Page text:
“A lot of parents reach out to me for Special Education (questions) if there’s something they don’t understand in English. We do have materials that come in Spanish, but we can definitely offer better support in that area,” Martinez said.
Sara Cullinane, director of advocacy group Make the Road New Jersey, said she thinks the state should prioritize live Spanish translations, and not just for school board meetings.
“In order for there to be full participation in our local government, everyone has to have a voice and when you don’t have these translation services, you’re leaving out huge swaths of the population,” said Cullinane.
Communities across the state offer translations in different municipal areas. In Red Bank, where the population is about 33% Hispanic, the police department works with Spanish translators on a case-by-case basis for public safety matters and larger events like National Night Out.
In the state’s capital city, the pandemic was the impetus behind the non-profit Trenton Health Team launching live Spanish meetings focused on health services. Last June, the organization began holding COVID-related live events in both English and Spanish.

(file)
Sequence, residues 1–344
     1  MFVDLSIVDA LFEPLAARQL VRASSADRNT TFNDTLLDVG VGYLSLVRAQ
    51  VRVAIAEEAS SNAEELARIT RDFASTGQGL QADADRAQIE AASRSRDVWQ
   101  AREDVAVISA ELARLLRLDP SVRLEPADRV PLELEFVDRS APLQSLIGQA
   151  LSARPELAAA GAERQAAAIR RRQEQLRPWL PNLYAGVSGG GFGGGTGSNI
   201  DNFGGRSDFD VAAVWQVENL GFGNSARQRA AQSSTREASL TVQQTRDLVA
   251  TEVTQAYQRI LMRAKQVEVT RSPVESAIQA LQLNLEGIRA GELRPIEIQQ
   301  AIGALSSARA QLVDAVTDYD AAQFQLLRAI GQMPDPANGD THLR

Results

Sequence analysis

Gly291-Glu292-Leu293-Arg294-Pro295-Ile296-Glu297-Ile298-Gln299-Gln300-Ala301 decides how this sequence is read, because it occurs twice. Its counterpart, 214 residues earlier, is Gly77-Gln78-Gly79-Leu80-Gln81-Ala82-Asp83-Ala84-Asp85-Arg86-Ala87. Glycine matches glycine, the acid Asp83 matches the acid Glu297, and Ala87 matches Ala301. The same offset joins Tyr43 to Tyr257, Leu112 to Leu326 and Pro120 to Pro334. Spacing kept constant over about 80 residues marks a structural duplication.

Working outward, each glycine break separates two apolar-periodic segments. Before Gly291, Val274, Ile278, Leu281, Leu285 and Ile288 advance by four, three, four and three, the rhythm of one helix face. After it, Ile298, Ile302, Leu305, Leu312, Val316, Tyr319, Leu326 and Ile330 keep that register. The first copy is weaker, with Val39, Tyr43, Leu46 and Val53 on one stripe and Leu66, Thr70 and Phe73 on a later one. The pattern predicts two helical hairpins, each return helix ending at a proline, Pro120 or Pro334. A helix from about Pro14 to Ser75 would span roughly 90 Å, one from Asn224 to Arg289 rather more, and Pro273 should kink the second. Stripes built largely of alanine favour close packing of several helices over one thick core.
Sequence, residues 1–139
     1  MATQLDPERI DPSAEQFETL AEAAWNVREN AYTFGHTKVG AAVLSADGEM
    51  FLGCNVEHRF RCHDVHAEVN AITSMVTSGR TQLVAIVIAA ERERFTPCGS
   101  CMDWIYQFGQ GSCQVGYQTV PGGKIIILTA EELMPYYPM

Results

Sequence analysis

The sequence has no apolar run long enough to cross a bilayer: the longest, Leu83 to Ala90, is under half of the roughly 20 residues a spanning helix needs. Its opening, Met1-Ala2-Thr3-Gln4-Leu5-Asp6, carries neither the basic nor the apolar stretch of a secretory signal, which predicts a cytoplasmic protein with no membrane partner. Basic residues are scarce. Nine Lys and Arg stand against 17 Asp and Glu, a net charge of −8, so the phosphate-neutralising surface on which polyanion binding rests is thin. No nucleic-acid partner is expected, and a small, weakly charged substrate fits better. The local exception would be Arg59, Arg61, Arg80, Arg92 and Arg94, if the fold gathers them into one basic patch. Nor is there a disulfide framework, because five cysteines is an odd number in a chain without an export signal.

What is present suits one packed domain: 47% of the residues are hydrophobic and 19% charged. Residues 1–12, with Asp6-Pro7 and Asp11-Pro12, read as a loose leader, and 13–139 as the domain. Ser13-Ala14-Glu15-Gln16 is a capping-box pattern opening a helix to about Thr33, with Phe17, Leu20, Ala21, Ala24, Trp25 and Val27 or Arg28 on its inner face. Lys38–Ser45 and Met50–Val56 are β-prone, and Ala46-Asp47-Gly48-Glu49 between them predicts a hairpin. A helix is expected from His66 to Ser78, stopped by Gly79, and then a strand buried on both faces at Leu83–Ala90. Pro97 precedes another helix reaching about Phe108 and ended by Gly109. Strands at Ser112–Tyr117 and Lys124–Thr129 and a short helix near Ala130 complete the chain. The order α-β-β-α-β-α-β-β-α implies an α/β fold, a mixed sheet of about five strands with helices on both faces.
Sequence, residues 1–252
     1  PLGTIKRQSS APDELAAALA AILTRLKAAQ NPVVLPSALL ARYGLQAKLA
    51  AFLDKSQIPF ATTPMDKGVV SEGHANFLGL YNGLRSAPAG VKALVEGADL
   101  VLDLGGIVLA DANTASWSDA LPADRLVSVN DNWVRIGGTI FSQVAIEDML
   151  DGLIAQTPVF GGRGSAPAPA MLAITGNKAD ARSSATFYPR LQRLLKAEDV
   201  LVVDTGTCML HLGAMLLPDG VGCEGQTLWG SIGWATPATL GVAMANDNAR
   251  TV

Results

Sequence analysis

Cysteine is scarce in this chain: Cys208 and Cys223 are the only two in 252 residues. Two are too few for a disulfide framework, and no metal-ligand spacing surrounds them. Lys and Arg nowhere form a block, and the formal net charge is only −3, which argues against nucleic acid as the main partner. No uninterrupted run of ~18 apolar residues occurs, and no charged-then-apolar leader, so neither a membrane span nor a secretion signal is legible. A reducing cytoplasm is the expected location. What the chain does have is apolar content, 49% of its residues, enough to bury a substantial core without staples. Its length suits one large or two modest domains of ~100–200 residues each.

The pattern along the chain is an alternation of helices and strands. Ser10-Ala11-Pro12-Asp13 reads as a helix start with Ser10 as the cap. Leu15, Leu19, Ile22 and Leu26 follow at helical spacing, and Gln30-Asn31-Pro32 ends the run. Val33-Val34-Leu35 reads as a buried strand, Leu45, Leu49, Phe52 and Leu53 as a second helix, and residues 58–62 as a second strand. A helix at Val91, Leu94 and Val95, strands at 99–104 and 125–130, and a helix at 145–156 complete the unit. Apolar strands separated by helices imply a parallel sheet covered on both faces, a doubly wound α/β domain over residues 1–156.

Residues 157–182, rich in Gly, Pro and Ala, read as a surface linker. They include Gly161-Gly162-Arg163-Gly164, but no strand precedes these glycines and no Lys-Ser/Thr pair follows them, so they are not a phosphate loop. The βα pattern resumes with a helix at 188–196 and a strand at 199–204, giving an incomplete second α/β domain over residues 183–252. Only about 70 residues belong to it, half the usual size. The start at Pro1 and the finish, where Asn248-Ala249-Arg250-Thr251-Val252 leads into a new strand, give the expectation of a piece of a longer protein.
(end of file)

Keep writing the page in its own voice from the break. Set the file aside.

“From early in the pandemic we found nuance is also important. Sometimes when you translate from English to Spanish verbatim the result may not be appropriate. The exact ‘contact tracing’ translation pulled up something that had to do with tracking animals. ‘This isn’t right,’ I remember thinking,” said Gregory Paulson, executive director of the Trenton Health Team. “As we look at more of these services, we need to keep that in mind, too.”
The pandemic’s impact on communities of color played a big role in the organization’s move to offer live Spanish meetings. But the Trenton Health Team has since expanded to host meetings on everything from domestic violence to emergency food services.